Sony Pictures Acquires Sonic Foundry's Desktop Software Line
Posted Jul 1, 2003

Friday, May 2 brought unexpected news to video and audio studios around the U.S. and beyond, as Sony Pictures Digital announced plans to purchase all of Sonic Foundry's desktop software products and related assets for $18 million cash, along with trade payables, accrued liabilities, and capital leases associated with the desktop software business.

Sonic Foundry, a Madison, Wisconsin-based company best known for its Sound Forge professional audio production software, and widely acclaimed for its Vegas Video professional non-linear editing tool, has diversified its business in recent years to encompass Web streaming services with its Media Site Live product, and Sonic Foundry will continue to develop and market this side of its business. Sony Pictures Digital, which oversees the digital production and online assets of Sony Pictures Entertainment, is a longtime distributor of Sonic Foundry desktop tools through its Screenblast channel. In 2001, Screenblast began online sale of two applications, Movie Studio and Music Studio, which were developed with Sonic Foundry's desktop software development team. Screenblast debuted the Studio products in retail in October 2002.

The Sonic Foundry desktop line includes several applications for audio mixing, production, and recording, as well as video capture and editing, and most recently, DVD authoring and recording. These tools, all acquired in the Sony Pictures deal, include the flagship SoundForge; the professional CD mastering tool CD Architect 5.0; the widely bundled mixing tool ACID; Vegas Video professional non-linear editing software; and DVD Architect, a first-generation DVD authoring and recording application now available in tandem with Vegas as Vegas+DVD.

"During the last three years, we've developed a relationship with Sony Pictures," says Sonic Foundry CEO Rimas Buinevicius, "distributing our products under their own brand." He says the timing was right to make the deal, given "significant consolidation" across the board in the desktop software business, and his belief that, after twelve years, "we've taken the desktop line as far as we can take it." As for Sony's suitability as future steward of the Sonic Foundry products, he says, "Obviously, it's not a secret that Sony has electronics tied to the product environments our tools serve, all the way up to broadcast."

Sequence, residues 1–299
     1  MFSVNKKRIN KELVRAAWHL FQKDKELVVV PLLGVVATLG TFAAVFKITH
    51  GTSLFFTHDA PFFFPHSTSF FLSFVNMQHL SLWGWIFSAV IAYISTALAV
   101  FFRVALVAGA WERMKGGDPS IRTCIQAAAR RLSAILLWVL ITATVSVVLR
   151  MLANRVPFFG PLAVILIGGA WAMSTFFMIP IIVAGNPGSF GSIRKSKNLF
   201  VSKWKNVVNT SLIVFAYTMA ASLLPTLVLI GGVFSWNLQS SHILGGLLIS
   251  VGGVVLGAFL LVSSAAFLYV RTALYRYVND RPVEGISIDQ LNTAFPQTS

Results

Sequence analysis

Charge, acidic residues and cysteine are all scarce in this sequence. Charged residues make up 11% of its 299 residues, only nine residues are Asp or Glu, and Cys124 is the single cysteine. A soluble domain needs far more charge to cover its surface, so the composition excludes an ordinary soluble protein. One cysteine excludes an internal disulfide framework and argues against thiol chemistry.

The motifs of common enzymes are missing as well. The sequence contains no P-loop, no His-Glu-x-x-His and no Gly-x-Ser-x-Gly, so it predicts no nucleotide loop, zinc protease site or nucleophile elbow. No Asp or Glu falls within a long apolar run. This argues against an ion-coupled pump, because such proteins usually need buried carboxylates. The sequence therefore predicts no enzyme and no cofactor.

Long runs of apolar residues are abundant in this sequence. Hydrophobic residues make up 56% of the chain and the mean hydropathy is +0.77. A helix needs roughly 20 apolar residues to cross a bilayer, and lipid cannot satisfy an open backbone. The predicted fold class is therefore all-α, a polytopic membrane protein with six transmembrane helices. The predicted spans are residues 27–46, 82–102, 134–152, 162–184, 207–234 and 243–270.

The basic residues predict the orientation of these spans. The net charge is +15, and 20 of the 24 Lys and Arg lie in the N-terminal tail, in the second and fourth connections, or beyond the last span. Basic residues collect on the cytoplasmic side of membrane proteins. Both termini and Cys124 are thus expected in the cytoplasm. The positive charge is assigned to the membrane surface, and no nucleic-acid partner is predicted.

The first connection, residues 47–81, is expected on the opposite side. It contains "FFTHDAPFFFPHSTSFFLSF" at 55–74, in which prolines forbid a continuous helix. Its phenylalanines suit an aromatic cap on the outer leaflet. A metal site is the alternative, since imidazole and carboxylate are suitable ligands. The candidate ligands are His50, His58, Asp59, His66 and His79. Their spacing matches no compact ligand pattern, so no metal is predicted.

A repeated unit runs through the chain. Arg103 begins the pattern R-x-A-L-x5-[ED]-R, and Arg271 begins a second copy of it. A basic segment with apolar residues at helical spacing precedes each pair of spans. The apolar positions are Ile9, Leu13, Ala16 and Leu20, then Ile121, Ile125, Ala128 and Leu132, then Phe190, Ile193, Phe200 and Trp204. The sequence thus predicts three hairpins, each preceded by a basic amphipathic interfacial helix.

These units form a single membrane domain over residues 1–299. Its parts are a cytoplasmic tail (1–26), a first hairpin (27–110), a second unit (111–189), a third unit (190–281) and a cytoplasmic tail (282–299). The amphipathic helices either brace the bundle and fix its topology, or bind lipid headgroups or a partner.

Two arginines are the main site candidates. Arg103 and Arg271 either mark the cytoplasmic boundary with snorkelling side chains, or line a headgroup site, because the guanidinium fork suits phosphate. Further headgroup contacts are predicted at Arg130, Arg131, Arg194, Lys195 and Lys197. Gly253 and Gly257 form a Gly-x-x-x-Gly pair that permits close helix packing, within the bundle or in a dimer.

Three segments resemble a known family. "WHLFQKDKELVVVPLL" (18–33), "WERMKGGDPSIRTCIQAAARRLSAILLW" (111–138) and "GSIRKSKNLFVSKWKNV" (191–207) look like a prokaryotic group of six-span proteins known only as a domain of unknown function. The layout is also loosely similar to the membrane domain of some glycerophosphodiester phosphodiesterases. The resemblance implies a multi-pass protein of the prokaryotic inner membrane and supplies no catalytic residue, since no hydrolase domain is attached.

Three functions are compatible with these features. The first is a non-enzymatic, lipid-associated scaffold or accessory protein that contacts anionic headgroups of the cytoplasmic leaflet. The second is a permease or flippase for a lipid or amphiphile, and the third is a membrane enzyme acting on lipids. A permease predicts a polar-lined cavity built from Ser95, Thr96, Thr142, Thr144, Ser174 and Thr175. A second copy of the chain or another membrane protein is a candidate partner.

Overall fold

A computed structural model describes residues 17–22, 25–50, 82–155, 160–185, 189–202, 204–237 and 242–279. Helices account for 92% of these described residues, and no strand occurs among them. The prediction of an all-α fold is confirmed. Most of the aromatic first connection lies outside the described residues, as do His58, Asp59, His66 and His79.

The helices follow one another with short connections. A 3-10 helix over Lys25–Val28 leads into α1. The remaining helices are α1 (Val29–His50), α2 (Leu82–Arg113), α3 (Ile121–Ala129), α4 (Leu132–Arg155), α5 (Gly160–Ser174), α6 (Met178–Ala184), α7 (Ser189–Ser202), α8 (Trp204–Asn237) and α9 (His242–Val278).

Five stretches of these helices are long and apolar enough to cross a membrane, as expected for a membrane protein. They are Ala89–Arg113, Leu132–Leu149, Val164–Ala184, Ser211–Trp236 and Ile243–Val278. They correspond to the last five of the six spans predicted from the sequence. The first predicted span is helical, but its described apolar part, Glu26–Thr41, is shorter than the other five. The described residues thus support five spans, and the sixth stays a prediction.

"We have great respect for the Sonic Foundry software and the award-winning team that developed and markets it," says Sony Pictures spokesman Don Levy. "As we expand our Screenblast service, the Sonic Foundry software line is a natural extension of it."

Both Buinevicius and Levy say Sony Pictures intends to migrate the development and product management teams behind the desktop software products to Sony Pictures following the acquisition, which they expect to complete in June 2003. Moreover, one interesting facet of the sale of this division of Sonic Foundry to Culver City, California-based Sony is that Sony Pictures intends to "maintain the Madison operation," Levy says.

One concern raised among the Sonic Foundry faithful and other content creation pros immediately after news of the sale broke, in online forums such as the video-oriented creativecow.net and the audio-oriented velvetrope.com, was that the products would lose their identity, further development of the tools would be abandoned, and that tech support would diminish as well. Levy says the continuity of the development team and the "Madison operation" will bring continuity to the products. "I expect the products will retain their names," he says; Sony Pictures will continue to develop the products with migrated Sonic Foundry staff, and, according to Levy, "tech support will continue as it is."

As for Sonic Foundry's future directions, Buinevicius says, "Our next chapter: What do you do with media after it's been created?" Buinevicius says the focus will shift to Web streaming and distribution services like Media Site Live, which he describes as a "$20,000 system that allows you to put content online. There's a different selling and marketing process" with a system like that, Buinevicius says. The transition to focusing exclusively on the services side of the business, he says, "is timed coincidentally with the recognition of the enterprise, and media management" as focal points industry-wide. "These are products we can build off and expand over time."